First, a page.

Tourists taste samples of Rotta wine in the 7,000-gallon tasting room. The room is a rebuilt wine cask, complete with a pale pink crust of cream of tartar on the ceiling — the remains of the last time the cask was used for wine. Tartar has to be scraped from wine casks each time they are emptied. Mrs. Romilda Rotta, center, supervises the sampling.
Tourists taste samples of Rotta wine in the 7,000-gallon tasting room. The room is a rebuilt wine cask, complete with a pale pink crust of cream of tartar on the ceiling — the remains of the last time the cask was used for wine. Tartar has to be scraped from wine casks each time they are emptied. Mrs. Romilda Rotta, center, supervises the sampling. Larry Jamison Telegram-Tribune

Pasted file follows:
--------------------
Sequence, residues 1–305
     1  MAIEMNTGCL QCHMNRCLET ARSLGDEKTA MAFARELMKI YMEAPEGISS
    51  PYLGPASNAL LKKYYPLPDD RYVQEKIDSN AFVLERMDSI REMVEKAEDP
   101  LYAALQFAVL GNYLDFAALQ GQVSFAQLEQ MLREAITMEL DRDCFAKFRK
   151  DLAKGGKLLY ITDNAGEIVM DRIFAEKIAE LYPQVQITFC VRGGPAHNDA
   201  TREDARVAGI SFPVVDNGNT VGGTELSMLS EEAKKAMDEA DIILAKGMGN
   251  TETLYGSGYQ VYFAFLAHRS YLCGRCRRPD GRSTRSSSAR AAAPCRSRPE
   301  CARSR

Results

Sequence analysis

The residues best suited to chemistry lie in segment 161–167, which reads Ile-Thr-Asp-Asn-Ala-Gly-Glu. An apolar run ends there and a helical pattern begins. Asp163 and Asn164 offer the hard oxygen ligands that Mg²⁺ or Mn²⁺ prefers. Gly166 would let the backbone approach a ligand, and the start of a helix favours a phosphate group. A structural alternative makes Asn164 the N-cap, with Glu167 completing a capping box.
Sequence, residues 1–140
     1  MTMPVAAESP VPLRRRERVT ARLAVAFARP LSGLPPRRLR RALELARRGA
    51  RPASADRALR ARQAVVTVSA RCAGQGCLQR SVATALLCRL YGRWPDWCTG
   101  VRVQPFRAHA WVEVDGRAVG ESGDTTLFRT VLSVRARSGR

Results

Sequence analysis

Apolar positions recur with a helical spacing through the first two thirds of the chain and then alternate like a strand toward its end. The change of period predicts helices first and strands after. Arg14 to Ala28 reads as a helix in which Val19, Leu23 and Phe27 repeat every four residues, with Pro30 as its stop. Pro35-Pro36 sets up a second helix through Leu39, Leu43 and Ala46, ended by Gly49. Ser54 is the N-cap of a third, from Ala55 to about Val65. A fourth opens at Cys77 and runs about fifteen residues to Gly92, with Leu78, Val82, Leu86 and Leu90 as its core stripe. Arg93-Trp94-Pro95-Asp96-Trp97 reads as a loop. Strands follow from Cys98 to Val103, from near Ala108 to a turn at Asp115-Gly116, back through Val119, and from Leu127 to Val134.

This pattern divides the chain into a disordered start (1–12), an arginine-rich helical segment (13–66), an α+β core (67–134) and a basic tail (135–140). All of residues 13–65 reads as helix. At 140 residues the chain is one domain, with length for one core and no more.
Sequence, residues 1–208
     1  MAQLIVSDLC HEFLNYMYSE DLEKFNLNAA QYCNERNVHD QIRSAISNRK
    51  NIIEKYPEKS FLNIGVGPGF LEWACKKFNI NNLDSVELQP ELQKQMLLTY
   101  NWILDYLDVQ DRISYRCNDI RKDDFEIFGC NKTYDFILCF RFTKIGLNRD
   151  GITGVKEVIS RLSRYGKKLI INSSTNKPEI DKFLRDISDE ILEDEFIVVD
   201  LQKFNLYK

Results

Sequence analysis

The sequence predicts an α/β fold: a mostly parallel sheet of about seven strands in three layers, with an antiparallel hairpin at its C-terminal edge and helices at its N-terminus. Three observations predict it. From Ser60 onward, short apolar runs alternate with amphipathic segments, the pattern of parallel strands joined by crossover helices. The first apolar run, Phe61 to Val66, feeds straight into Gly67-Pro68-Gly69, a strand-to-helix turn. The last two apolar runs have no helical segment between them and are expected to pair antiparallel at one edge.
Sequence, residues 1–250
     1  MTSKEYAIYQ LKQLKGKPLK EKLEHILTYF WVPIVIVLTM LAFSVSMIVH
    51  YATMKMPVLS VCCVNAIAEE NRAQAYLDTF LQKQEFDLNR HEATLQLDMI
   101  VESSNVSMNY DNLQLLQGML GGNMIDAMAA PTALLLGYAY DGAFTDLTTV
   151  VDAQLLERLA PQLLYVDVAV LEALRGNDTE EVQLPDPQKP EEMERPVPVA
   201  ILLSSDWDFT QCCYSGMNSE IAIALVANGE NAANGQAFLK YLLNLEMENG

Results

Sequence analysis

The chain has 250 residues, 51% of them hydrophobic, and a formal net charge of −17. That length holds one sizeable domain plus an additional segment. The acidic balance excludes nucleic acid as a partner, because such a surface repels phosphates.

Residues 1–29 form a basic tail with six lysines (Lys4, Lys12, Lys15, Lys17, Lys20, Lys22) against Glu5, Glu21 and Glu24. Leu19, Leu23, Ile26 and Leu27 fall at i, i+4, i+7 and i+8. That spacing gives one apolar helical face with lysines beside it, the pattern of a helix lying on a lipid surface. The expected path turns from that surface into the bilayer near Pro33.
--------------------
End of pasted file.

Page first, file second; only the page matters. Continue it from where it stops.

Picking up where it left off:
Tourists taste samples of Rotta wine in the 7,000-gallon tasting room. The room is a rebuilt wine cask, complete with a pale pink crust of cream of tartar on the ceiling — the remains of the last time the cask was used for wine. Tartar has to be scraped from wine casks each time they are emptied. Mrs. Romilda Rotta, center, supervises the sampling. Larry Jamison Telegram-Tribune

When SLO County wine was known for redwood casks and screw tops

October 07, 2016 02:56 PM

About Photos From the Vault

David Middlecamp

@davidmiddlecamp

Photographer David Middlecamp has been delving into The Tribune's archives to share historical photos and articles about the Central Coast with readers since 2007. Reach him at dmiddlecamp@thetribunenews.com .